Julia Jacklin performed a well-rehearsed set in a city that has provided many landmarks in her career.

Julia Jacklin photo
Julia Jacklin, by Nick McKinlay

Julia Jacklin ended where she started. Her last stop of tour was in New Orleans at Gasa Gasa on Thursday, and she revealed to the packed venue that New Orleans holds special significance for the blossoming of the Australian songwriter's musical career. She also showed how well she understands her own talents as she performed to her exact vocal and emotional range. The Gasa Gasa audience allowed her to fill the space exactly as she needed.

Julia Jacklin has a very clear sense of her limits, both in terms of song pacing and vocal range, and she approaches them without passing them. She brought her voice to the brink of sounding like it would break at any moment, then let it wobble and hang there to show how impressive her vocal control is.

She began the show with “Body,” a beautiful, five-minute song that Jacklin herself described as “a very long exaggerated sigh” in an NPR interview. It maintains a consistent pace in a limited dynamic range, and served as a fairly good indicator for the pacing of a show that had few significant rise and falls. It stayed in a musically comfortable space that she has developed for herself.

Jacklin's work is sad and beautiful, but it sits within a realm of comfort as well. Her lyrics give listeners a familiar, manageable sadness, not one that feels hard and all-encompassing. Her song structure is simple, and her voice carries the lyrics with no grandiose showmanship. She makes music for after the hard coping is done--music for when you’re sitting in your bedroom reminiscing, flipping through old pictures, already on the other side of heartbreak. Her lyrics do not sting; they ache, and there is something very matter-of-fact in the sadness they provide.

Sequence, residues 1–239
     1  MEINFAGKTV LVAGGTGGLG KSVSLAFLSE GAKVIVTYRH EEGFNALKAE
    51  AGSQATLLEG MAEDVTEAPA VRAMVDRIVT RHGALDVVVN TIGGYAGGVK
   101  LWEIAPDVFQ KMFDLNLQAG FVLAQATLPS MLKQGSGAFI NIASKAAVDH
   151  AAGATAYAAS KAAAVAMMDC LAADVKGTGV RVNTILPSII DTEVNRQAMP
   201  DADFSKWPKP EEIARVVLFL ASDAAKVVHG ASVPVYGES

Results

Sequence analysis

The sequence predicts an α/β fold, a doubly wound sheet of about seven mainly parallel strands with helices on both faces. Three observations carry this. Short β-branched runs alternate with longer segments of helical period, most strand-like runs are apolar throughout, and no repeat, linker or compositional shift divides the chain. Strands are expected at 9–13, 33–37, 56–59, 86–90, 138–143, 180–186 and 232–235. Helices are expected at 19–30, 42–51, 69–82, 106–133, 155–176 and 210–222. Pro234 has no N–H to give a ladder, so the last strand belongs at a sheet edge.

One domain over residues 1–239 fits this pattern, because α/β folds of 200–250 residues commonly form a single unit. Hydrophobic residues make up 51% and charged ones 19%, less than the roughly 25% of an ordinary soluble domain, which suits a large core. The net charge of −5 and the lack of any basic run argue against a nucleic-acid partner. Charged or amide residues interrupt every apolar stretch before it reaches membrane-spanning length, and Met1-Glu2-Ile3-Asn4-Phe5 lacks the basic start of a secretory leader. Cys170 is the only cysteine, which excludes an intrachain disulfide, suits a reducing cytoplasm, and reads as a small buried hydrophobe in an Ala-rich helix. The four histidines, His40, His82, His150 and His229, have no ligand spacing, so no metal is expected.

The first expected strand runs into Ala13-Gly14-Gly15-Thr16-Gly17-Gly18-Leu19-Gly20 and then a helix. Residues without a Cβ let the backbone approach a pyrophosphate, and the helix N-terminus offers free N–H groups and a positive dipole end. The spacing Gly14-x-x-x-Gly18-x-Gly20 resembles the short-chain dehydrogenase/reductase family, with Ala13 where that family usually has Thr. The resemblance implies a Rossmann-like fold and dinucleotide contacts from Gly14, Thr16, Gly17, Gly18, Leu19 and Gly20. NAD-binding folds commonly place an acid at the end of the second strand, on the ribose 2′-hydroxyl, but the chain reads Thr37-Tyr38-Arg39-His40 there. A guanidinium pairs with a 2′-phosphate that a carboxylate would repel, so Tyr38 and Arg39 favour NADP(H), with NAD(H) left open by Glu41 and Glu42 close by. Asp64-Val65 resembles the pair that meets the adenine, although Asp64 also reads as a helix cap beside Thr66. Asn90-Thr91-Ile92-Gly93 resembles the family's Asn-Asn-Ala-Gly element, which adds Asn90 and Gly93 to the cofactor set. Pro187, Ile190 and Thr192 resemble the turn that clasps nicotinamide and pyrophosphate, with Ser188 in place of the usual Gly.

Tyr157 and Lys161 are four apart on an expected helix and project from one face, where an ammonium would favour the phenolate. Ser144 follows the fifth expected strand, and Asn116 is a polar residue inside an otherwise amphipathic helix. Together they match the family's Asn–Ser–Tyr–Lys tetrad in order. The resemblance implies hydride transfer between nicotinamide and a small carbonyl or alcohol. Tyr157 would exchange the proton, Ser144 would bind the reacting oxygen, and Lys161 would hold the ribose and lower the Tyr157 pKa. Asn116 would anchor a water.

Since New Orleans was her last stop on this leg of tour, her show was clearly very rehearsed. She and her band knew the ups and downs of the show, and there was little spontaneity. It was a well-rehearsed machine that made sense for Jacklin’s brand. Everything about her music and her set was worked out, and she was okay sitting in that comfort zone.

She performed “Pool Party,” near the end, which is her best known song, and a perfect encapsulation of her style. It has a dreamy, love-song quality to it, but is juxtaposed with gutting lyrics that describe an asymetrical relationship. A man twirled his girlfriend in the crowd as though it were a romantic moment, while she sang the chorus, “Oh, I wanna give you all of my love / But I watched you sink as they swam above / You are the land and I am the dove / My heart is heavy when you're high / So, for me, why won't you try?”

Julia Jacklin is not a huge star, but her following has grown pretty substantially with the release of her sophomore album, Crushing. Gasa Gasa was the perfect sized venue for her, and it’s set up to let artists of her size feel the weight and scope of their fan base. Jacklin noted that she wasn’t expecting a large crowd for this show, and was pleasantly surprised and slightly overwhelmed with how full the show was.

In the middle of the show, Jacklin told about her history with New Orleans. She revealed that she played an open mic at Checkpoint Charlie’s when she was 22 before she considered herself a real musician, and played her first U.S. show here to two or three people at a “strange cafe” that was probably someone’s house. At that show she had no mic, no amp, and played her electric guitar unplugged. After the show, though, she still felt a sense of pride. She ended the story saying, “Look at me now!”